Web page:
Graduation Year


Document Type

Campus Only Senior Thesis

Degree Name

Bachelor of Arts



Reader 1

Judith LeMaster

Reader 2

Sheila Walker

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© 2014 Ann E. Diemer


Though the workforce in the United States is comprised of more than 50% women, women hold only 26% of professional computing jobs, and at some companies the percentage is even lower (National Center for Women & Information Technology, 2011). This study aims to examine whether employees within the tech industry have an implicit association between the concepts of “maleness” and “tech”. Participants will complete a priming task, an Implicit Association Test, and a survey about existing sexist beliefs and their jobs. The Expectation States Theory (Eagly, Beall, & Sternberg, 2004) suggests that all participants will have an implicit association between these concepts, though participants primed with an article about a man in tech and participants from companies with more men overall, in leadership, and in tech positions will have a stronger bias. Additionally, the Unified Theory (Greenwald et al., 2002; Smeding, 2012) suggests that the proposed results will show that women working in tech positions have a slightly weaker bias, and priming about a woman in tech will not reverse the bias. If implicit biases are addressed within the tech industry, these fixes can help the field maintain its upward trajectory by becoming an inclusive space for men and women.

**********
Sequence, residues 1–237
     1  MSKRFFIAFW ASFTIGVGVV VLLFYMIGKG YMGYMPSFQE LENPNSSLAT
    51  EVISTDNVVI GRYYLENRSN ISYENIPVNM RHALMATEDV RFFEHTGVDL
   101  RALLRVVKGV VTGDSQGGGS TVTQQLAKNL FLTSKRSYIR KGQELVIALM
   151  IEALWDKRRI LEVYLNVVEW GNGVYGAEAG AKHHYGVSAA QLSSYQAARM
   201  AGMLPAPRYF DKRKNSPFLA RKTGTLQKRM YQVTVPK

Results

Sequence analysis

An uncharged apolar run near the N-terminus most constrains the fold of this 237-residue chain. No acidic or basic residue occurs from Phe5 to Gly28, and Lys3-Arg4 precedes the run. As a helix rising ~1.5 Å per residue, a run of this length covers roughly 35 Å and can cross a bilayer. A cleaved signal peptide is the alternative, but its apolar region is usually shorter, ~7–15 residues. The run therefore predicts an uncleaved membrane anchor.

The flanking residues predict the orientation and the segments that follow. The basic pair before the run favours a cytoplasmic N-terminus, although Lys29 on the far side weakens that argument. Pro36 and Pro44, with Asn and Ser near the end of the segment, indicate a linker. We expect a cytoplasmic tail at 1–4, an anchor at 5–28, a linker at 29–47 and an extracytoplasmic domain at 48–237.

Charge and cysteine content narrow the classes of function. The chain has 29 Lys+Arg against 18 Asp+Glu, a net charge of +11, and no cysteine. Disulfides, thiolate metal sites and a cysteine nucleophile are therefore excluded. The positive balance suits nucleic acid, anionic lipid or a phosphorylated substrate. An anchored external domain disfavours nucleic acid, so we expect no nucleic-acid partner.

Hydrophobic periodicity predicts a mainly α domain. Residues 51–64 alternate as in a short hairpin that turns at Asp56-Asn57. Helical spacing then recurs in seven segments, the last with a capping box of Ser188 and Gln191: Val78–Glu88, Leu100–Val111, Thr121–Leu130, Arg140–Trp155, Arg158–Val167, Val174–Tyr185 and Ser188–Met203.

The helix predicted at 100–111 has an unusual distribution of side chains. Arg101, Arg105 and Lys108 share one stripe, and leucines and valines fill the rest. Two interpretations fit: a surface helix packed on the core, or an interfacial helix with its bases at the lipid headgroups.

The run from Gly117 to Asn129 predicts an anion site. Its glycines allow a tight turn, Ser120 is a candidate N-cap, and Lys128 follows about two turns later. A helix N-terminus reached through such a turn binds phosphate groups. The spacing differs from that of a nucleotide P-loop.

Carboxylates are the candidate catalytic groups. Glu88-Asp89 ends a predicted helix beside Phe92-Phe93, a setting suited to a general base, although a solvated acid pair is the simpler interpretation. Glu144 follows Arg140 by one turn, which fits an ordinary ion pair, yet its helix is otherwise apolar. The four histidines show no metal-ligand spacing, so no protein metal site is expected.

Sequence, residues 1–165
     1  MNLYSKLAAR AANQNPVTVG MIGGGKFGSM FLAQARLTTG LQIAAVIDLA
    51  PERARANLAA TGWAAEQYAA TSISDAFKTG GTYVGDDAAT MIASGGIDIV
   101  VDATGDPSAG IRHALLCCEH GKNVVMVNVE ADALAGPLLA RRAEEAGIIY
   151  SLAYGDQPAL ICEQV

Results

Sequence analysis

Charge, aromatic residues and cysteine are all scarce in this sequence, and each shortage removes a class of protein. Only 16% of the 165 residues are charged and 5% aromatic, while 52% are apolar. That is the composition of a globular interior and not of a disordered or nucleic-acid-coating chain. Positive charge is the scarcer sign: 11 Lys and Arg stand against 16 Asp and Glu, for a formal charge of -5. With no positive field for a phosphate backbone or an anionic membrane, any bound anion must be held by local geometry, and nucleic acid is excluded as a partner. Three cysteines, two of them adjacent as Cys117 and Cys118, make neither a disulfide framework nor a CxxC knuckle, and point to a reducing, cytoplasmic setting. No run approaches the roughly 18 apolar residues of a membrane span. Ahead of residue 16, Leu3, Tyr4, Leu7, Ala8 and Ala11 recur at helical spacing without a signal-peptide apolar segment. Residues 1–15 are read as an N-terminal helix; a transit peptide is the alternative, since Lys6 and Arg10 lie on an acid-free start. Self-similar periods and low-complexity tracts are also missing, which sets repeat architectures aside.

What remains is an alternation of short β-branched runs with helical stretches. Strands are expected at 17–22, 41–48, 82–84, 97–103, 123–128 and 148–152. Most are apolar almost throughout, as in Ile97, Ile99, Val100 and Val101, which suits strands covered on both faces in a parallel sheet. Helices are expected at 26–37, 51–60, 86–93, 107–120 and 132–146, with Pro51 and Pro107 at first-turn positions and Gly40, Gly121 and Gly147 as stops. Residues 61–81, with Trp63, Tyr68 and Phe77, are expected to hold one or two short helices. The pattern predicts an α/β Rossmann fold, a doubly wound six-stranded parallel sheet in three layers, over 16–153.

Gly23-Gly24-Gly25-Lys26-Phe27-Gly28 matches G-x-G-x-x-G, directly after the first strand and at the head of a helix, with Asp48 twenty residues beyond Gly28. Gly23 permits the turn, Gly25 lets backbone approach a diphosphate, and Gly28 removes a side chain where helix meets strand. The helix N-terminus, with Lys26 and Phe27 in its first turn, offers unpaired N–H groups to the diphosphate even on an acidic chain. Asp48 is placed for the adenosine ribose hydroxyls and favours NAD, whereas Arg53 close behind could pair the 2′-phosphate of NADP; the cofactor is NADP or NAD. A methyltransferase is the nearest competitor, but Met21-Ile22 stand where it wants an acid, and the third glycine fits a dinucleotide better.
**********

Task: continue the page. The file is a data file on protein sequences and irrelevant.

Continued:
This thesis is restricted to the Claremont Colleges current faculty, students, and staff.